Loretta Lynn's Legend
(The GRAMMY Salute To Country Music honoring Loretta Lynn, presented by MasterCard, will take place Oct. 12 at the Ryman Auditorium in Nashville. In our first of two blog installments, Meesa Hayes of 365 Days Of Country Music takes a look at Lynn's historical career.)
By Meesa Hayes
Perhaps early on, her feisty personality indicated that Loretta Lynn would leave an indelible mark on the world. To this day, she continues to have a fiery, far-reaching influence on country music fans and music lovers everywhere.
She married Oliver "Mooney" Lynn (also known as "Doolittle" or "Doo") a few months shy of her 14th birthday. By the age of 19, she had four children. Oliver encouraged her to play guitar, and during the rise of her career in the early '60s she gave birth to twins. Her first break came in 1960 when music executive Norm Burley heard her sing on a local televised talent show, prompting Burley to start Zero Records just to record her. After her first minor hit, "I'm A Honky Tonk Girl," she began recording demos and caught the ear of the legendary producer Owen Bradley.
Following in her friend Patsy Cline's footsteps, Loretta Lynn became one of the early top female stars of country music. In 1962, after early success with Bradley and Decca Records, she became a member of the Grand Ole Opry. Her candor began to shine through with songs such as "You Ain't Woman Enough (To Take My Man)," which reached No. 2 on the Country Singles chart. After a string of Top 10 hits, her first No. 1 country single came in 1967 with the release of the self-penned "Don't Come Home A-Drinkin' (With Lovin' On Your Mind)." Her next album spawned another country No. 1, "Fist City." Lynn's genuine and relatable lyrics attracted fans from all genres, and her chart-topping success continued into the '70s with songs such as "Coal Miner's Daughter," "One's On The Way," "The Pill," and a string of No. 1 duets with Conway Twitty, including the GRAMMY-winning "After The Fire Is Gone" and "Lead Me On."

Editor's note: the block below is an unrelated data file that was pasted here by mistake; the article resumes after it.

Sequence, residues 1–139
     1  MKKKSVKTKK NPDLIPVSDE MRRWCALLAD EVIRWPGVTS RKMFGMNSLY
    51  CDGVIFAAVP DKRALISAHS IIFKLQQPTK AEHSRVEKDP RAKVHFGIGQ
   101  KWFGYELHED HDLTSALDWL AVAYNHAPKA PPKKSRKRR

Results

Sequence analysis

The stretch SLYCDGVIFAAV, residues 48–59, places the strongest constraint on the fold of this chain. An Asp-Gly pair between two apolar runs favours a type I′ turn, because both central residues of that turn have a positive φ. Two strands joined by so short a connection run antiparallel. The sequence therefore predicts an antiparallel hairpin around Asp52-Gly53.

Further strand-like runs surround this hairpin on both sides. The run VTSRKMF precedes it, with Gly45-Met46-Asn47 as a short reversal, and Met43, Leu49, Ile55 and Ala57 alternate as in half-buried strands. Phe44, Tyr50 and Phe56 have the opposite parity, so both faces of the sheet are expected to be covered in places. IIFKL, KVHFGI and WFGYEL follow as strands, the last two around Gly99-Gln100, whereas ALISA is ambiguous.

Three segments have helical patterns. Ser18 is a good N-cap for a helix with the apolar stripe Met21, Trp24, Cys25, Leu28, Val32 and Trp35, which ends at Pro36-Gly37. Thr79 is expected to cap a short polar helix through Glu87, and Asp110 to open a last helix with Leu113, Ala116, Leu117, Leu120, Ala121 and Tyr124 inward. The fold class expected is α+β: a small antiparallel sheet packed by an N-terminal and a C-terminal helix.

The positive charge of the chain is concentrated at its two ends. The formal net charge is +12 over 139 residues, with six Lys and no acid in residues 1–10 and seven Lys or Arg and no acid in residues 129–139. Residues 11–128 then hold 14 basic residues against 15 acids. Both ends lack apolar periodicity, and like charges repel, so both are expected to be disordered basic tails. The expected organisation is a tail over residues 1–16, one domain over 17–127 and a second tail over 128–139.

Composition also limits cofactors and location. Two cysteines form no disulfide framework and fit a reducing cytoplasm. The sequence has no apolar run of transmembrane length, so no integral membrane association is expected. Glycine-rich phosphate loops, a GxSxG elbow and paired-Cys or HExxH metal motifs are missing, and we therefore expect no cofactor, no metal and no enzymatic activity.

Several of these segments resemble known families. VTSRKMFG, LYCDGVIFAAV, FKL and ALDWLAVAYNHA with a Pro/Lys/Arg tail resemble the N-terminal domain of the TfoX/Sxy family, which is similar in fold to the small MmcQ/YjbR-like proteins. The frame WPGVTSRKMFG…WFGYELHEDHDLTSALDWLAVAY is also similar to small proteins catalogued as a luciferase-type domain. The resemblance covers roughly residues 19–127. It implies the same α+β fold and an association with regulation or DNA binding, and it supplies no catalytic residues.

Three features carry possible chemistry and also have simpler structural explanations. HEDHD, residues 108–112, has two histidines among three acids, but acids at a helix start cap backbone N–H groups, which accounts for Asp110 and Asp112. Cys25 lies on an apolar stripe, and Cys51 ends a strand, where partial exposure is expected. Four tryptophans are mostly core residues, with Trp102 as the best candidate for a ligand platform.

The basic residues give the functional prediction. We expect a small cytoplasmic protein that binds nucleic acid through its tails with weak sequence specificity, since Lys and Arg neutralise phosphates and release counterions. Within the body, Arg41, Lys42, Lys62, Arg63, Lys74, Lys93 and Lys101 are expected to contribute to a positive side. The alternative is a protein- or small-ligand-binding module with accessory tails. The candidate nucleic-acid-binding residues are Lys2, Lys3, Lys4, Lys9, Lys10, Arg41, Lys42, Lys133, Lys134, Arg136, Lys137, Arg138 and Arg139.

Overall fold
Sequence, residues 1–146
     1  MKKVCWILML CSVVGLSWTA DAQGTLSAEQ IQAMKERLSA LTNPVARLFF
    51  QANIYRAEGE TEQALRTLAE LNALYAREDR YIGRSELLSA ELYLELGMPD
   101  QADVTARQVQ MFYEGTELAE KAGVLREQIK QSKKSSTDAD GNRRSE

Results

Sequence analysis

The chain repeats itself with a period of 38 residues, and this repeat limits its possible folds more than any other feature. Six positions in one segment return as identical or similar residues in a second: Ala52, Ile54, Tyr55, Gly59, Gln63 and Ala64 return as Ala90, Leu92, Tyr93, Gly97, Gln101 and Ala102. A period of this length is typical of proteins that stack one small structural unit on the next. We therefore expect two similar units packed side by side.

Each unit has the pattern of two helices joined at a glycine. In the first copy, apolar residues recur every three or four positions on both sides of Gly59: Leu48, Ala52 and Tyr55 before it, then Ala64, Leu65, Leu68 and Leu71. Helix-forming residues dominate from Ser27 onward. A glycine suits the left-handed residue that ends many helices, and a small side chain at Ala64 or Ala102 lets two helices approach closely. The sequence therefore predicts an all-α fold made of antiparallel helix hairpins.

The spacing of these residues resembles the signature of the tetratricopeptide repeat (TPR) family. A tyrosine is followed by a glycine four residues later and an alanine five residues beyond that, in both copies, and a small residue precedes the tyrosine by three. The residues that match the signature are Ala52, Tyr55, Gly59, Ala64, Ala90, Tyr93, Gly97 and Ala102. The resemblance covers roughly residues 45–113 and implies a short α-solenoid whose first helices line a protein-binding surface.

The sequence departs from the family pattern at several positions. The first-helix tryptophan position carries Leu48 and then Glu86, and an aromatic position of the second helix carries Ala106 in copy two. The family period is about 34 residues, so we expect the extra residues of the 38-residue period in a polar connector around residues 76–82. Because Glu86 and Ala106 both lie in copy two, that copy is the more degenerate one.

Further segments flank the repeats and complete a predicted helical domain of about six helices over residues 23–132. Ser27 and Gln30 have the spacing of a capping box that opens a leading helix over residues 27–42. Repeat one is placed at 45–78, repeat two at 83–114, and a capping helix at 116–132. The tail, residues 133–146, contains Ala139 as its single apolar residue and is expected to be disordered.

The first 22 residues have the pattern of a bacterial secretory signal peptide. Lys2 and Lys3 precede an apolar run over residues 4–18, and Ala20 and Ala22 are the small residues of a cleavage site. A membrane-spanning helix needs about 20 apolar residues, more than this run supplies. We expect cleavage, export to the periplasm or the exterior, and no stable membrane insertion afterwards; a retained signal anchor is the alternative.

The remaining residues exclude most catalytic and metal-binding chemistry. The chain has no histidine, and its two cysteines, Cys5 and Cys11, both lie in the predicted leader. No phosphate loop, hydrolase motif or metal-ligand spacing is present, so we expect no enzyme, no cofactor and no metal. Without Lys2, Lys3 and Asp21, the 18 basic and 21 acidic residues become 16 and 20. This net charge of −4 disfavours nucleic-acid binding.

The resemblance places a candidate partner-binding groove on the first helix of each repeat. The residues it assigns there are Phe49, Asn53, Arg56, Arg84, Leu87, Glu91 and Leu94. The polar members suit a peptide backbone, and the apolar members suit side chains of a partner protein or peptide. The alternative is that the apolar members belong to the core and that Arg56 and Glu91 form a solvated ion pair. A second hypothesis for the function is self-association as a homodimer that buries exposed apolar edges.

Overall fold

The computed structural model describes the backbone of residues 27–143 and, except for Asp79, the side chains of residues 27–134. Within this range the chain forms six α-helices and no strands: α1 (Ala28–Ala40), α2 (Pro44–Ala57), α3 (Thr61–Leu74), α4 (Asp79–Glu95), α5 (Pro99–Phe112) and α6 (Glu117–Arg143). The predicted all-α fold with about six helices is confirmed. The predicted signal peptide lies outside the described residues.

In 1973 she graced the cover of Newsweek — the first country singer to do so. In addition to commercial success, she has been hailed by critics throughout here career. Honky Tonk Angel — a trio album with Dolly Parton and Tammy Wynette — was released in 1993 and was certified gold; and 2004's Van Lear Rose — a collaboration with Jack White of the White Stripes — garnered two GRAMMY Awards, including Best Country Album.
Lynn's 1976 autobiography, Coal Miner's Daughter, became a The New York Times bestseller. The 1980 Academy Award-winning film of the same name led to more mainstream media exposure. Adored by fans for her down-home style, Lynn has spent countless hours speaking with concertgoers and signing autographs. She forged a path for women not only in country music, but also in business and politics. Her controversial lyrics with songs such as "The Pill" and "Dear Uncle Sam" helped shine a light on topical issues such as birth control and war.
With 70 albums (10 of which topped the Country Albums chart), more than 160 original songs, scores of hits, two autobiographies, one cookbook, 11 Academy of Country Music Awards, a star on the Hollywood Walk of Fame, an honorary doctorate from Berklee College of Music, and three GRAMMY Awards, Lynn is one of the most decorated artists in the history of country music. In 1975 she became the first female to win the ACM's coveted Entertainer of the Year award. In 1988 she was inducted into the Country Music Hall of Fame, and in 1999 she was inducted into the Country Gospel Music Hall of Fame and placed 65th on VH1's list of the 100 Greatest Women of Rock and Roll. Additional accolades on her mantle include induction into the Songwriters Hall of Fame in 2008 and a Recording Academy Lifetime Achievement Award in 2010.
With gumption, honesty and artistic integrity, Loretta Lynn became a superstar. As she enters the fifth decade of her colorful career, she is a true pioneer of country music and continues to have a profound impact.